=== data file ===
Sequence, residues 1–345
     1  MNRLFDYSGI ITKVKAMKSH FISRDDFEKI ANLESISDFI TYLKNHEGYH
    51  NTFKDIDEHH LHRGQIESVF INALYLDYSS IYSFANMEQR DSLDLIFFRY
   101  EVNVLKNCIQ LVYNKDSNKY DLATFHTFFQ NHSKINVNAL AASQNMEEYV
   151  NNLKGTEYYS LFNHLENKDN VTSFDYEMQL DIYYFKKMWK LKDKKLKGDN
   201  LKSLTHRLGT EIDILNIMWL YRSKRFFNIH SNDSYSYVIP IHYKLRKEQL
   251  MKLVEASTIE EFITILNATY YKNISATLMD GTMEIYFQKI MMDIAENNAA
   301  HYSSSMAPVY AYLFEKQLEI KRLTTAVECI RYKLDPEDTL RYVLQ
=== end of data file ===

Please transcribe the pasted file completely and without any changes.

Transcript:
Sequence, residues 1–345
     1  MNRLFDYSGI ITKVKAMKSH FISRDDFEKI ANLESISDFI TYLKNHEGYH
    51  NTFKDIDEHH LHRGQIESVF INALYLDYSS IYSFANMEQR DSLDLIFFRY
   101  EVNVLKNCIQ LVYNKDSNKY DLATFHTFFQ NHSKINVNAL AASQNMEEYV
   151  NNLKGTEYYS LFNHLENKDN VTSFDYEMQL DIYYFKKMWK LKDKKLKGDN
   201  LKSLTHRLGT EIDILNIMWL YRSKRFFNIH SNDSYSYVIP IHYKLRKEQL
   251  MKLVEASTIE EFITILNATY YKNISATLMD GTMEIYFQKI MMDIAENNAA
   301  HYSSSMAPVY AYLFEKQLEI KRLTTAVECI RYKLDPEDTL RYVLQ